Think tank the Institute for Government has published a report entitled ‘Brexit: six months to go’ which looks at the progress the Government has made in delivering Brexit and what still needs to be done. Anna Tobin reports
The Brexit: six months to go paper says that three main challenges face the Government in delivering Brexit: negotiations, legislation, and implementation.
Although an agreement has been reached on money and citizens’ rights, most other areas remain unsettled, most crucially how to deal with the Irish border. There is still much to be discussed and the paper recognises that without a deal the UK will leave the EU on 31 October 2019 without a transition period.
Although some legislative building blocks have been put in place, if no deal is reached a raft of further legislation will be required and it could be impossible to put all of this in place before Brexit.
The paper states that the Government has left its preparation for no deal too late; that the secrecy and sensitivity around Brexit has meant that the Government has failed to give business sufficient time to prepare for no deal; and, even if the proposed 21-month transition period went ahead, this would be too short for the negotiation, ratification, and implementation of the final deal.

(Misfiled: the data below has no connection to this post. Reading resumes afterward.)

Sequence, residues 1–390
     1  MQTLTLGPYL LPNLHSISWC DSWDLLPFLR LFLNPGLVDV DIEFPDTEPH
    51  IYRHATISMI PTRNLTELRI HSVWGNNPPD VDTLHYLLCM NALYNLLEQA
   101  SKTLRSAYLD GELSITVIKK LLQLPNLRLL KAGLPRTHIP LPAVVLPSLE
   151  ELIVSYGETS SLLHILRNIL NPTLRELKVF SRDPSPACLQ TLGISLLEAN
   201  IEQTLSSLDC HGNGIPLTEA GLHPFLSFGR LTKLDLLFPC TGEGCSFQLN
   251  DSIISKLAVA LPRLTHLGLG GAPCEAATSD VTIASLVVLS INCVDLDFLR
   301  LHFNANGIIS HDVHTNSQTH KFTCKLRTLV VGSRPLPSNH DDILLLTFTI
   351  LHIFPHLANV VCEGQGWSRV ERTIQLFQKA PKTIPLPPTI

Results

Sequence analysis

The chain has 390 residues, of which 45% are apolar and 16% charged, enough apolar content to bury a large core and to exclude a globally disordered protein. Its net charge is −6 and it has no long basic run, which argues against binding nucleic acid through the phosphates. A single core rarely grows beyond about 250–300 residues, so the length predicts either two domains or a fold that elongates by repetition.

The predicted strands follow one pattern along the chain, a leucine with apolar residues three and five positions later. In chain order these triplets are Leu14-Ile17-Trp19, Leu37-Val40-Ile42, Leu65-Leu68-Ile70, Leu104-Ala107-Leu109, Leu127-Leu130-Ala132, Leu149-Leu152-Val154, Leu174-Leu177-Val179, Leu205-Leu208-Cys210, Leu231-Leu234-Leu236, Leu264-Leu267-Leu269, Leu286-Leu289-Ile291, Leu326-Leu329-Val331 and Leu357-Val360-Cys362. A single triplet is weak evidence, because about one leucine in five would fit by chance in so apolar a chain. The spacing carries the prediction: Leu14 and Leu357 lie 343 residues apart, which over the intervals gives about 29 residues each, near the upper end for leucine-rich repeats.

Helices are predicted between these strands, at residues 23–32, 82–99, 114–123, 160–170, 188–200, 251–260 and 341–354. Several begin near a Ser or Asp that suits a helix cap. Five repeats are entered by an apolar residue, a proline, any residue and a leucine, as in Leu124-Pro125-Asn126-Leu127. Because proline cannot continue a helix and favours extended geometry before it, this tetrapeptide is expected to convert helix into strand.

The report states: “Dominic Raab, secretary of state for exiting the European Union, told the House of Commons this month that ‘the British people can rest assured that the UK will be ready for Brexit, deal or no deal.’ In reality, there’s a huge difference between the two outcomes. If the UK leaves without a deal in March 2019, just a fraction of the processes and systems required for life outside the EU will be in place. There is insufficient time for much more than temporary sticking plasters, attempting to limit disruption where possible, with work needing to continue long beyond Brexit. Some of the Government’s contingency plans appear to be completely dependent on the EU bending its rules to apply goodwill or strike mitigating agreements.”